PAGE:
Common Dog Park Rules

dog park

Every breed of dog needs regular exercise and a great way to ensure your dog receives enough in a day is a trip to your local dog park. A nearby dog park is a great way to let your dog run and socialize with other dogs from the neighborhood.

Each dog park has its own set of rules. You can find the rules on their website or you can find a supervisor or ranger at the park that can provide the rules too. Sometimes you will find rules on the dog park fencing or a sign nearby.

The rules are not the same for every dog park but there are several rules that are common across most dog parks:

  • No food in the dog park. You should not bring in your own food or drinks to snack on within the dog park. Do not bring food or treats for your dog either.
  • No smoking. You cannot smoke inside the confines of a public dog park. You should wait until you have left the dog park before smoking.
  • No dogs under 6 months old. You should leave puppies at home or away from dog parks until they’re at least 6 months old.
  • Separate small and big dogs. Most dog parks will have a separate area for dogs that are small and a separate area for dogs that are big. This ensures all dogs are safe at the dog park.
  • The owner is responsible for the dog at all times. You need to monitor behavior and ensure your dog is behaving well in the environment.
  • Persons must be 18-years or older unless accompanied by an adult. Children are not allowed to bring a dog to a dog park without an adult present.
  • Dogs visiting the dog park should have all of their necessary shots before socializing with other dogs in the dog park.

You will find unique rules at each local dog park but for the most part the rules we listed above are common dog park rules across the U.S.A. You will have a wonderful time at the dog park if you and all patrons follow the rules of the park during your time there.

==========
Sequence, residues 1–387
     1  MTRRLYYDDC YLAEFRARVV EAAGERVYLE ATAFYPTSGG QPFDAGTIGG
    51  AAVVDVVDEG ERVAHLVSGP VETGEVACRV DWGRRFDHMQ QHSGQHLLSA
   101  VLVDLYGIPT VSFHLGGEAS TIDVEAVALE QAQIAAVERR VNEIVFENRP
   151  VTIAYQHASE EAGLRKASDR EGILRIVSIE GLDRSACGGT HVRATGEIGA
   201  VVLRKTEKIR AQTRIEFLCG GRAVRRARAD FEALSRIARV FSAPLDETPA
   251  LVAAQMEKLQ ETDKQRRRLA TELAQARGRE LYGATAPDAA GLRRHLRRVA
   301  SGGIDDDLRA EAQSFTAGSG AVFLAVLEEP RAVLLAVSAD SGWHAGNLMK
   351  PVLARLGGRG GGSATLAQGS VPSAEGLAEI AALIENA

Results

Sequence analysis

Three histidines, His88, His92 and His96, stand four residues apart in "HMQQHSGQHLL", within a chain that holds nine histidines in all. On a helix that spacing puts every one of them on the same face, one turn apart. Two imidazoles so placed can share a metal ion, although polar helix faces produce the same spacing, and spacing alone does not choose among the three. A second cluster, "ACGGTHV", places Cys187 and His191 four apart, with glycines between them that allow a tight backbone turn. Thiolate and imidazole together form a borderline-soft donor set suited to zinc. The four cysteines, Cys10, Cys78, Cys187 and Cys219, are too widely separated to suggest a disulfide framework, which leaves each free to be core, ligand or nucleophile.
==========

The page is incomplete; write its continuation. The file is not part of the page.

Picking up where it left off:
Ways to Crate Train Your Dog

crate training dogs

You will want to crate train your new dog when he or she arrives at your home. A crate is good for the dog before he or she feels at home in your home. The crate also ensures the dog will not damage your home or hurt himself or herself when you are asleep or away for a short period of time.

Proper crate training also assists in housetraining puppies. A puppy will not want to have an accident in its crate. Crate training will help prevent accidents on your floor and cleaning appointments from local companies like Hello Carpets in Beaverton, OR.

You can use crate training as a temporary solution until your dog is comfortable in your home. Learn how to crate train your dog:

STEP #1. TREATS

The first step in crate training puppies is to use treats to entice them to enter the crate. Open the door to the crate and place a small handful of treats in the entrance of the crate. The dog will pop its head in to eat the treats.

Then place another handful near the back of the crate to encourage the dog to enter the crate. Progress to the next step after you and your dog have done this once or twice.

STEP #2. MEALS

Place a full dish of food in the back of the crate to encourage the dog to enter the crate. Leave the door open and let the dog eat his entire meal in the crate. This should require a few minutes or more. This is all to start building a comfort level for the dog to be in the crate for extended periods of time.

STEP #3. SIDE-BY-SIDE

Now it’s time to encourage the dog to enter the crate without a treat and to close the door. Once the dog is in the crate, sit by the crate and provide words of encouragement and love for the dog. You should remain by the crate for this entire step in the training process. Try to remain by the crib for 15-30 minutes and do this once or twice before moving onto the next step.

STEP #4. GO AWAY

Now repeat the same process as Step #3 but instead, leave the room after the dog has entered the cage. Do not leave your home as you want to be nearby in the event of the dog feeling distressed. If all goes well, move on to the next step.

STEP #5. LEAVE HOME

You should now leave your dog in the crate and leave your home for 20-30 minutes. Do this once or twice and then leave your home for 2-3 hours. Do not leave your home for longer than 2-3 hours at first if the puppy is still housetraining. Puppies have a much harder time holding their bladders than older dogs do.

STEP #6. BED TIME

The final step is reaching a point where your dog is able to spend an entire night sleeping in the crate. You should have your dog sleep in the crate for 2-3 months until you are sure the dog will not harm itself or your home in the evening. Once you are sure of this, you can begin to ween the dog from the crate and allow the dog to be free to roam the house during the night and when you are away from home.

Understand Your Cat’s Body Language

domestic cat